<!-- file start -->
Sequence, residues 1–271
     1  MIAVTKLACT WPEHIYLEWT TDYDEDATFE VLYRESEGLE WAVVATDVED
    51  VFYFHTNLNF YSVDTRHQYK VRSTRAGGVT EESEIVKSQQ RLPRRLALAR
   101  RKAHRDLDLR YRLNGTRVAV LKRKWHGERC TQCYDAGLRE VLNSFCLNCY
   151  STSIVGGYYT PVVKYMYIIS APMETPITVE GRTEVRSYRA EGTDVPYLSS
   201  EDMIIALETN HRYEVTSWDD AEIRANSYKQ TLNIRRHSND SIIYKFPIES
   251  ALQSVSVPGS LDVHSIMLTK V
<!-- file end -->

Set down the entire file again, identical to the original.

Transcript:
Sequence, residues 1–271
     1  MIAVTKLACT WPEHIYLEWT TDYDEDATFE VLYRESEGLE WAVVATDVED
    51  VFYFHTNLNF YSVDTRHQYK VRSTRAGGVT EESEIVKSQQ RLPRRLALAR
   101  RKAHRDLDLR YRLNGTRVAV LKRKWHGERC TQCYDAGLRE VLNSFCLNCY
   151  STSIVGGYYT PVVKYMYIIS APMETPITVE GRTEVRSYRA EGTDVPYLSS
   201  EDMIIALETN HRYEVTSWDD AEIRANSYKQ TLNIRRHSND SIIYKFPIES
   251  ALQSVSVPGS LDVHSIMLTK V